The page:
Texas Hunger Initiative Launches Baylor Collaborative on Hunger and Poverty

September 30, 2019
Baylor Collaborative on Hunger and Poverty

Newly named collaborative will become the umbrella entity for THI, as well as interdisciplinary research, Global Hunger and Migration Project and Hunger Data Lab

Media Contact: Lori Fogleman, Baylor University Media and Public Relations, 254-710-6275
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WACO, Texas (Sept. 30, 2019) – Baylor University’s Texas Hunger Initiative (THI) announced today the official launch of the Baylor Collaborative on Hunger and Poverty, which will bring together efforts to address hunger in Texas and beyond. The Collaborative will become the umbrella entity for THI.

Since its founding in 2009, THI has grown from a small group of dedicated people with a vision to connect food resources to the people who need them most to a larger network of researchers and practitioners working on a national scale to find innovative hunger and poverty solutions.

To date, THI has provided technical assistance to more than 25 states and plays a prominent role in Washington, D.C., in developing scalable solutions to address hunger and poverty nationwide. The re-naming is an opportunity to better communicate why THI has existed and how its model works.

The Collaborative includes the same dedicated team led by Jeremy Everett, M.Div. ‘01, founder and executive director of THI, and Kathy Krey, Ph.D. ’08, assistant research professor and director of research and administration. Since THI will continue to exist as a project under the Baylor Collaborative on Hunger and Poverty, it will represent the work being done at the local and state level improving hunger and poverty outcomes for Texans.

The Collaborative will integrate research and practice through projects such as THI, the Research Fellows program, the Global Hunger and Migration Project and the Hunger Data Lab, among others, and will continue to conduct interdisciplinary hunger and poverty research with local, state, national and global relevance.

“The Collaborative’s core purpose is to help communities end hunger and its causes by better use of existing resources,” Everett said. “Our core belief is that hunger and poverty are too complex for any sector to comprehensively address alone. The process towards these ends is to gather all actors around the same table to solve problems, encourage innovation and research new ideas so we can build on successful strategies. The Collaborative will work to end hunger and share our proven hunger relief model across geographies and contexts.”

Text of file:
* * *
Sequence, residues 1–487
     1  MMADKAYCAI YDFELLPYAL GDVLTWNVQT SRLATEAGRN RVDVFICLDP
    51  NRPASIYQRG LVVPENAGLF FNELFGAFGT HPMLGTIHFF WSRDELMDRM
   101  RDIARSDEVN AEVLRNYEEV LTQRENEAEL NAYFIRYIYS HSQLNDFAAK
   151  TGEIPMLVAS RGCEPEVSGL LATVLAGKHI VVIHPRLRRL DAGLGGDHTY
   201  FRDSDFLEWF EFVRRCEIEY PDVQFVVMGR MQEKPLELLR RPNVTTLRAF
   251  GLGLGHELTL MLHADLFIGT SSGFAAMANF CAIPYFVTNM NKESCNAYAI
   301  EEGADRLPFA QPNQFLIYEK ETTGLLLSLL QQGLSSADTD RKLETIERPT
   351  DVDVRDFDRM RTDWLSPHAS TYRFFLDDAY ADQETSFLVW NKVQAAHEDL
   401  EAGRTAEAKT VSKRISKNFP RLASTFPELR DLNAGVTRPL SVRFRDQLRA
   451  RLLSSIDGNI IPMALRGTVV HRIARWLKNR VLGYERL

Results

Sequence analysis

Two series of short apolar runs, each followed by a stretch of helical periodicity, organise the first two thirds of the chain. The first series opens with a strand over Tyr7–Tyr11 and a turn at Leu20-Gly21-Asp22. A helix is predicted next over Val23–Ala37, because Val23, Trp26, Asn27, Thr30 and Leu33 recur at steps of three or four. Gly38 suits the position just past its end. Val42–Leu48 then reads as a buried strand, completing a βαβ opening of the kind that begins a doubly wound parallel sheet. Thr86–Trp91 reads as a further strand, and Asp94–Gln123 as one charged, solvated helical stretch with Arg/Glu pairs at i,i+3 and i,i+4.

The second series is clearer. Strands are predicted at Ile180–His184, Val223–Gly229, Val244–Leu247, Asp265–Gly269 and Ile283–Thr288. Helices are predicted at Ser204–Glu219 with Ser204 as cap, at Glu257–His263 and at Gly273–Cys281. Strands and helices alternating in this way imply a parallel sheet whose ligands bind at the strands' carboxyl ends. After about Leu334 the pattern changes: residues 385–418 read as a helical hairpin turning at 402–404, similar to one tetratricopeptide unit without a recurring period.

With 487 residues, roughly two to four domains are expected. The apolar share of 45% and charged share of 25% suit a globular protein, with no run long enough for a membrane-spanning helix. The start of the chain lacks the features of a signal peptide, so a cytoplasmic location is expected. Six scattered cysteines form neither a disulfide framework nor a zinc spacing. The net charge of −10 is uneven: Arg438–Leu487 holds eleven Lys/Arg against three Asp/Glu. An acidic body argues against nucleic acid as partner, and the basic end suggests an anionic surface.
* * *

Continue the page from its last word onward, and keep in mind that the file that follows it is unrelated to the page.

The Collaborative’s work is among the strategic initiatives outlined in the University’s Illuminate strategic plan, with Baylor becoming a recognized leader on poverty research and integrating social science with social responsibility.

“Baylor University is a place where we use our expertise and resources to address systemic problems facing our community, both local and global,” said Baylor Provost Nancy Brickhouse, Ph.D. “We see the newly named Baylor Collaborative on Hunger and Poverty as a being at the forefront in our efforts to fulfill this mission and want it to be a catalyst for creative solutions.”

Krey – who recently received a $5 million grant from the U.S. Department of Agriculture to research expanding food access for rural students during the summer – said the Collaborative envisions a world where all communities have the tools they need to solve hunger.

“These are the same tools they might need to respond to a crisis or natural disaster: coordinated efforts, a menu of proven strategies and real-time data” Krey said. “We envision a world where complex problems like hunger are solved by communities, universities and the public and private sectors working together in new ways.”

More information about the Baylor Collaborative on Hunger and Poverty is available at www.baylor.edu/hungerandpoverty.


Baylor University is a private Christian University and a nationally ranked research institution. The University provides a vibrant campus community for more than 17,000 students by blending interdisciplinary research with an international reputation for educational excellence and a faculty commitment to teaching and scholarship. Chartered in 1845 by the Republic of Texas through the efforts of Baptist pioneers, Baylor is the oldest continually operating University in Texas. Located in Waco, Baylor welcomes students from all 50 states and more than 90 countries to study a broad range of degrees among its 12 nationally recognized academic divisions.